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Abuse of Authority and Hierarchical Communication

Guido Friebel and Michael Raith
The RAND Journal of Economics
Vol. 35, No. 2 (Summer, 2004), pp. 224-244
Published by: Wiley on behalf of RAND Corporation
Stable URL: http://www.jstor.org/stable/1593689
Page Count: 21
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Abuse of Authority and Hierarchical Communication
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Abstract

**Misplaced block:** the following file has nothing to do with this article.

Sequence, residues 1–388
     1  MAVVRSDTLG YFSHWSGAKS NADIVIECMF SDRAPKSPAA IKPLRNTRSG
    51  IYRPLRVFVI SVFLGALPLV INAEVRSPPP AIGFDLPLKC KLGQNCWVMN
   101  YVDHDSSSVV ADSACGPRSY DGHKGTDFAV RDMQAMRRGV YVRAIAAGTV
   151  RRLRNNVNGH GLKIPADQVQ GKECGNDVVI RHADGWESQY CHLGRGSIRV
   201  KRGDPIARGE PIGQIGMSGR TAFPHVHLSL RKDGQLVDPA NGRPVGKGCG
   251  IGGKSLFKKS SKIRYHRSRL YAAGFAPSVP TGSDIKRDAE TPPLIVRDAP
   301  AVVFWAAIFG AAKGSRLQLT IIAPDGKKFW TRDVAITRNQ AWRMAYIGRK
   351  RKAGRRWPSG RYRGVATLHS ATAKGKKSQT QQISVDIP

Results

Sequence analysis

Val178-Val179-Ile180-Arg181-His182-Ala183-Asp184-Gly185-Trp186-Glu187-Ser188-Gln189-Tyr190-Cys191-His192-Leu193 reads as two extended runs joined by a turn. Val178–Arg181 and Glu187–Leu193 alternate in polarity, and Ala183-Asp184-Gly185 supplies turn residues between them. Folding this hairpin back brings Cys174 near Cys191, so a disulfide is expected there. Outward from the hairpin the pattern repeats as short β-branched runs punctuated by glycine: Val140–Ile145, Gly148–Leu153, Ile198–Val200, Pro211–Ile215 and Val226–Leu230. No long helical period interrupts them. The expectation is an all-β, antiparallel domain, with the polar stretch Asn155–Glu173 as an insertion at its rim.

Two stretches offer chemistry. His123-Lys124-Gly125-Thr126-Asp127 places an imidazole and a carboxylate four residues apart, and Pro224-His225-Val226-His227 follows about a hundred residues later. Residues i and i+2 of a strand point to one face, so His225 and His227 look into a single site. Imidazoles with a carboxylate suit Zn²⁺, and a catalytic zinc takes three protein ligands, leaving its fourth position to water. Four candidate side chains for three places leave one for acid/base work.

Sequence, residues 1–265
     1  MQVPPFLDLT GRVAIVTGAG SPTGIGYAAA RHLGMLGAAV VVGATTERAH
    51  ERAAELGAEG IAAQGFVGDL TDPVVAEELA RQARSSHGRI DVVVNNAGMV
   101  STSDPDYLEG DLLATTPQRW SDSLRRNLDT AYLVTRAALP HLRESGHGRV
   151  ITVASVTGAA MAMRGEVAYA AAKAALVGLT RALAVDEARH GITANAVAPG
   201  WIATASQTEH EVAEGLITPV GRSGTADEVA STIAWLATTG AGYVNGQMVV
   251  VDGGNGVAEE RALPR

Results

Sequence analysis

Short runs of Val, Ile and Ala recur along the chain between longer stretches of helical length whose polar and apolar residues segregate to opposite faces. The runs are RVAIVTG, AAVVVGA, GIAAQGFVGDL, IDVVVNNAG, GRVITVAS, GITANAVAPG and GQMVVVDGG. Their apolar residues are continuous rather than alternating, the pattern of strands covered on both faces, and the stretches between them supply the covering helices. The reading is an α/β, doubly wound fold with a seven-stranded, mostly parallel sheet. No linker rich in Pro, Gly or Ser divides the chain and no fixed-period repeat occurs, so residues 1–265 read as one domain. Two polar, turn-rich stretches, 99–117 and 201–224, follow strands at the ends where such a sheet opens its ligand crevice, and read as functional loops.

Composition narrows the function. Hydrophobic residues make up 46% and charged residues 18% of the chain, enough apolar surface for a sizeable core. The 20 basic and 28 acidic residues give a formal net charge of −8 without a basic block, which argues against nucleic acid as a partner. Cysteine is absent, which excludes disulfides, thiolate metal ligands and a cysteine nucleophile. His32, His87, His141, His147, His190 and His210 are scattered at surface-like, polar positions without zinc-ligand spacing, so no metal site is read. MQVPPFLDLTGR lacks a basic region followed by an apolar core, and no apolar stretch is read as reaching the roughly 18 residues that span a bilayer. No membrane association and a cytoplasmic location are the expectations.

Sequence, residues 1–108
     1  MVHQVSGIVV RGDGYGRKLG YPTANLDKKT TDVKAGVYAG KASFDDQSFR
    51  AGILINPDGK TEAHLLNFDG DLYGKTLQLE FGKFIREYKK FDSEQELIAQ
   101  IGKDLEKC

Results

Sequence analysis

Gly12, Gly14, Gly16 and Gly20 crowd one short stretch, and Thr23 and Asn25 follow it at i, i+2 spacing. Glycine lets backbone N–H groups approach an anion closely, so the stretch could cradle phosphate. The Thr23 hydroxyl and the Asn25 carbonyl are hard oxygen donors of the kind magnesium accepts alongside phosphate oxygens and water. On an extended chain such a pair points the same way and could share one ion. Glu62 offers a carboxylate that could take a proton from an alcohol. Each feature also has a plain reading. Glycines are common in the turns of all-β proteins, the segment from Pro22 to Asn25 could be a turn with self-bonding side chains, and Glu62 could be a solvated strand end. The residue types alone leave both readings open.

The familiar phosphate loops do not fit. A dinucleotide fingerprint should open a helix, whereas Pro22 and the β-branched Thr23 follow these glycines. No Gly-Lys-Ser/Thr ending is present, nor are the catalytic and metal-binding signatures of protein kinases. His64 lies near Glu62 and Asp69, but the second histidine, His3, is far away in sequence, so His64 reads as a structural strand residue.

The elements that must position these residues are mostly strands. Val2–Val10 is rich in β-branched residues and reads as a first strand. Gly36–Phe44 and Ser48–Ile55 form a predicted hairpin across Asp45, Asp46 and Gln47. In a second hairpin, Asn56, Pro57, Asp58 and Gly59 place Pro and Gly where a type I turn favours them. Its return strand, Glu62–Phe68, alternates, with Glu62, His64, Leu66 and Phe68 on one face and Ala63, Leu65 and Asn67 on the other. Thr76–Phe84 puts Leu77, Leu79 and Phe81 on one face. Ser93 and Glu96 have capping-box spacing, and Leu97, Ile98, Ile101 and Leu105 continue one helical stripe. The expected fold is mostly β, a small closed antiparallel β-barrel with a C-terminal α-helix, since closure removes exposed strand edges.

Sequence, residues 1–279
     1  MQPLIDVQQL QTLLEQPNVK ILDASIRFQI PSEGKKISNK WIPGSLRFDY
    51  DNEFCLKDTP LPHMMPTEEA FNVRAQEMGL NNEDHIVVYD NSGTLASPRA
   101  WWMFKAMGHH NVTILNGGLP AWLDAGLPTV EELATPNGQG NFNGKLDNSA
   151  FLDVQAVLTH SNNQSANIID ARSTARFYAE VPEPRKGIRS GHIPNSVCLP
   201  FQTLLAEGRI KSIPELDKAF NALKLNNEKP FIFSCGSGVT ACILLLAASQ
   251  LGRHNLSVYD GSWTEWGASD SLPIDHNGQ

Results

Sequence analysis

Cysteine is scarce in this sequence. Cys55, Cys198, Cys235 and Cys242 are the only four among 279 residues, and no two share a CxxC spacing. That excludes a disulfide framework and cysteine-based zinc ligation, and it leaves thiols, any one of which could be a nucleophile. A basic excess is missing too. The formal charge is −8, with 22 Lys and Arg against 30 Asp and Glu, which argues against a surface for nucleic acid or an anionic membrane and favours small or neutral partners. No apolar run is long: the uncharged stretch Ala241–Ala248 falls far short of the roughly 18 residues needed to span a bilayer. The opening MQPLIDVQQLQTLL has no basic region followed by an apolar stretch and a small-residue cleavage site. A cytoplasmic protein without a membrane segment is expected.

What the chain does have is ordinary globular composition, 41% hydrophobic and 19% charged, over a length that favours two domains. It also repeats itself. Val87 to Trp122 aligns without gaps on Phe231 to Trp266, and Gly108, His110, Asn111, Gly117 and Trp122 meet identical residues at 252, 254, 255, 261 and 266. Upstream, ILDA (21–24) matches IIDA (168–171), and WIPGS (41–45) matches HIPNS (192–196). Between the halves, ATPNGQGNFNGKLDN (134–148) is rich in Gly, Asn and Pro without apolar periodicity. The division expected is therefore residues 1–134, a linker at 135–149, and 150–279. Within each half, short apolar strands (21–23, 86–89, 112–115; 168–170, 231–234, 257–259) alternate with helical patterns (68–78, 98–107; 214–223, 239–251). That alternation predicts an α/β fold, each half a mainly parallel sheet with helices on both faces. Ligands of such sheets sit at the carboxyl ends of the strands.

If managers and their subordinates have the same basic qualifications, organizations can benefit from replacing unproductive superiors with more productive subordinates. This threat may induce superiors to deliberately recruit unproductive subordinates, or abuse their personnel authority in other ways, to protect themselves. We show that requiring intrafirm communication to pass through a "chain of command" can be an effective way to provide superiors with an incentive to recruit the best possible subordinates. We discuss alternative ways to prevent the abuse of authority and general implications of our analysis for organizational design. We also present supporting evidence from the literature on human resource management and organizational behavior.

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